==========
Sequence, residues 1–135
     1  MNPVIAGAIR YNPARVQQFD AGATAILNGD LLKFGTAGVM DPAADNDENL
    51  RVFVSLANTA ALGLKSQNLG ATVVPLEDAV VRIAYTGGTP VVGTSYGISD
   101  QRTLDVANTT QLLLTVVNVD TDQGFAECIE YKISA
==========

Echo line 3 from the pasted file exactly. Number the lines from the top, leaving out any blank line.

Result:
    51  RVFVSLANTA ALGLKSQNLG ATVVPLEDAV VRIAYTGGTP VVGTSYGISD